Each of us has a unique purpose in life. Most of us don’t realize it, though, because we’ve been pressured to conform to someone else’s idea of who we should be. Fear of change and staying in our comfort zones stunts our growth. Stretch yourself and take a risk if you want to find out what makes your heart sing.

Make an action plan to create a life in which you express your superpowers on a regular basis, whether it be through your vocation, a meaningful side project, a worthy cause, mindful parenting, volunteer work, or whatever else sparks your interest. This goal-oriented strategy guarantees you’ll thrive at work and at home.

6. Make Time for Intimates

When setting your goals, be sure to carve out time for your intimates, the second “I” in ENVISION. Intimates refers to close friends or people you have close relationships with.

The fourth regret of the dying is that they were too busy to see their friends much.[3] Make it a point to connect with real friends, people you can turn to for sympathy when you need it, confide in about most things, and be your true self around.

A new Cigna study shows that nearly half of Americans feel alone or left out.[4] According to Dr. Julianne Holt-Lunstad at Brigham Young University, the detrimental effects of loneliness is the same as smoking 15 cigarettes a day.[5] She warns that:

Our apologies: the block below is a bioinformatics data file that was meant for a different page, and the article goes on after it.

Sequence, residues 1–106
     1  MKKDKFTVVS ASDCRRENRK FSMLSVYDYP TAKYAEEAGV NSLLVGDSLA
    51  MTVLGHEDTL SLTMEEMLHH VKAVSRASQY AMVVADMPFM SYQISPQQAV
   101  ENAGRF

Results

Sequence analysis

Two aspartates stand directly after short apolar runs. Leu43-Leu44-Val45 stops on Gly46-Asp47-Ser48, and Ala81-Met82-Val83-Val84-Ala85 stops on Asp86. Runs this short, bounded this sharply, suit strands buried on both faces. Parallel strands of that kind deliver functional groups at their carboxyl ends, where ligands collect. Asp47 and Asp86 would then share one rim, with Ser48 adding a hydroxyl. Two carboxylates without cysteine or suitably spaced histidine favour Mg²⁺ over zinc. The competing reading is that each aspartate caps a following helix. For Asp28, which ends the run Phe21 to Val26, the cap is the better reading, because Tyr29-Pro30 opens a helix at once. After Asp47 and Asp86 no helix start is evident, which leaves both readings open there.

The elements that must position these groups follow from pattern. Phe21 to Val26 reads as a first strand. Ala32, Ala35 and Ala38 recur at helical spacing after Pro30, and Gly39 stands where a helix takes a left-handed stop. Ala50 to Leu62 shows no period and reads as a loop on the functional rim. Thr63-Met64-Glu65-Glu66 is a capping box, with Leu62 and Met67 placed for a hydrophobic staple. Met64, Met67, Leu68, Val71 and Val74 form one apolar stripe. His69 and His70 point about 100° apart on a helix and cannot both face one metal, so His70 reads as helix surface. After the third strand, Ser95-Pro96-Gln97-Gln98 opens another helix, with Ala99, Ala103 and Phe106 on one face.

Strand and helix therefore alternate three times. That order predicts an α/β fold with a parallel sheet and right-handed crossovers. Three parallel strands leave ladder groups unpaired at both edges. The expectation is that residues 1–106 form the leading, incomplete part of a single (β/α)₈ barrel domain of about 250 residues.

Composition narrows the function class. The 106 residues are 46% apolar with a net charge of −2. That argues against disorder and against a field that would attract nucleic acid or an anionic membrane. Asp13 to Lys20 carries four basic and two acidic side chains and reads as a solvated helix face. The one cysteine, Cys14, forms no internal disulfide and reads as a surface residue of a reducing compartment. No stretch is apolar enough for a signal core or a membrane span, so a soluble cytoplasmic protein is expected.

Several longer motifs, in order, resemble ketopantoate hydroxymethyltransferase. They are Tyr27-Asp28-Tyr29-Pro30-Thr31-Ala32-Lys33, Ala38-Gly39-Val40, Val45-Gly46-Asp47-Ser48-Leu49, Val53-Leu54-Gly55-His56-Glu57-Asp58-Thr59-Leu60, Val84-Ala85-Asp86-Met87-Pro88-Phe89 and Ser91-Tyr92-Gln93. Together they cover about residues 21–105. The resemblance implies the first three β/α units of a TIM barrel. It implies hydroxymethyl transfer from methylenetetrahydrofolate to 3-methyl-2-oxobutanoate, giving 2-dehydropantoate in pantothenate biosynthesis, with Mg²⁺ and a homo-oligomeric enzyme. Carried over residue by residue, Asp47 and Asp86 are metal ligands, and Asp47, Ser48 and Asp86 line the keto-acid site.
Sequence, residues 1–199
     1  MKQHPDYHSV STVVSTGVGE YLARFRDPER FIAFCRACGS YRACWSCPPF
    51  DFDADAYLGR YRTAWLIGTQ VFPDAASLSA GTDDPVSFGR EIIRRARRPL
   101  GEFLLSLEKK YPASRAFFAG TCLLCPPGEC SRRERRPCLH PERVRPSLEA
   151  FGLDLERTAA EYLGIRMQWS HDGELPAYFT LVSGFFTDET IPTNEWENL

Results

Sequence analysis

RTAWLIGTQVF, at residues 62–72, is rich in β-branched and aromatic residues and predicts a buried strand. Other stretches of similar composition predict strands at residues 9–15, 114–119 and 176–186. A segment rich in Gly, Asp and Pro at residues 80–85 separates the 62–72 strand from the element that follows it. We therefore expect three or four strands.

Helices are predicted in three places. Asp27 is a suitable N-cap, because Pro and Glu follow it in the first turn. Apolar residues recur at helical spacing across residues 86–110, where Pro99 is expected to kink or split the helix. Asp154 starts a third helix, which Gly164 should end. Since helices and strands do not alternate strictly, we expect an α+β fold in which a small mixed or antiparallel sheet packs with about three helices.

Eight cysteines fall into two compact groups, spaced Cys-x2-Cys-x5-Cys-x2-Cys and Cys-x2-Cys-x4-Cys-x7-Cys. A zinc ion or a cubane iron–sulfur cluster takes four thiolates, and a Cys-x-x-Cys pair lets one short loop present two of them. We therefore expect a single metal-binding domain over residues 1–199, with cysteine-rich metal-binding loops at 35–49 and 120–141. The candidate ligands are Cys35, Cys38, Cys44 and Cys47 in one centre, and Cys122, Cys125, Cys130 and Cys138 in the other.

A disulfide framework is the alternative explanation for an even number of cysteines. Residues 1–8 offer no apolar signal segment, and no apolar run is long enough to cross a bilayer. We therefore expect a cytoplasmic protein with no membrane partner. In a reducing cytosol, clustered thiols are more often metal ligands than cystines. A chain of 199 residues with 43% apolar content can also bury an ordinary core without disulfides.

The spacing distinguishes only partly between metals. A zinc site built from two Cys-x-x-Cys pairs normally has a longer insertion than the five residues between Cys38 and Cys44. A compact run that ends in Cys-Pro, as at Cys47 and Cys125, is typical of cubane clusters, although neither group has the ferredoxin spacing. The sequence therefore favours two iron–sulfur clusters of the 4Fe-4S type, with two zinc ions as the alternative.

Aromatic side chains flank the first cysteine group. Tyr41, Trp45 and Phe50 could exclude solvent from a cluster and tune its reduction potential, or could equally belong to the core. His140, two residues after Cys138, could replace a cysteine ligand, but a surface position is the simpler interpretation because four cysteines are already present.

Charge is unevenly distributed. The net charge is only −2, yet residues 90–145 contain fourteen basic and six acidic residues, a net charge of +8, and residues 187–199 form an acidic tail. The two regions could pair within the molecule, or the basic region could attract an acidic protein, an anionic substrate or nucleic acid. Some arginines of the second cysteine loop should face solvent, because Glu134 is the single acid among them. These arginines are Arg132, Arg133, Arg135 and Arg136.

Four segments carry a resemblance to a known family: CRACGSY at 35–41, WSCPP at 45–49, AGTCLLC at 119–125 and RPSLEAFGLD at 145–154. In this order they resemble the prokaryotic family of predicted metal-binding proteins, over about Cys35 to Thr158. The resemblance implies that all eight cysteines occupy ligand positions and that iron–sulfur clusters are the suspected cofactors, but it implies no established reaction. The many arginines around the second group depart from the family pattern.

“Loneliness and social isolation are linked to around a 30 percent increased risk of having a stroke or developing coronary artery disease.”[6]

Become goal-driven to avoid loneliness

    Being with your friends is not only good for your soul, but it is also essential for your health and well-being[7]. Put it in your goals.

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    7. Open up Emotionally

    When crafting your goal-oriented life, be sure to include ways you can open up about your feelings, the “O” in ENVISION. The third regret of the dying is that they wish they’d had the courage to express their true feelings instead of stuffing their emotions down to keep peace with others.

    To lead a fulfilling life, it’s important to prioritize talking and behaving honestly with others instead of hiding your true feelings. According to Dr. Leslie Becker-Phelps[8]:

    “Start with identifying your emotions (e.g. angry, hurt) and understanding what triggered you to feel this way.”

    She recommends you try to understand your feelings and practice self-compassion for having them. When you’re calmer, try to understand the person who upset you. This will help you respect and care about yourself and the other person.

    If there is someone you need to talk to or a situation you’d like to resolve, honor your feelings. Whether it be writing a letter, making a phone call, or visiting someone you haven’t seen in years, put it on your goal list.

    Be sure to meet in a safe environment if you’re confronting someone who has abused or harmed you. Tell the truth as you see it, and try to be kind.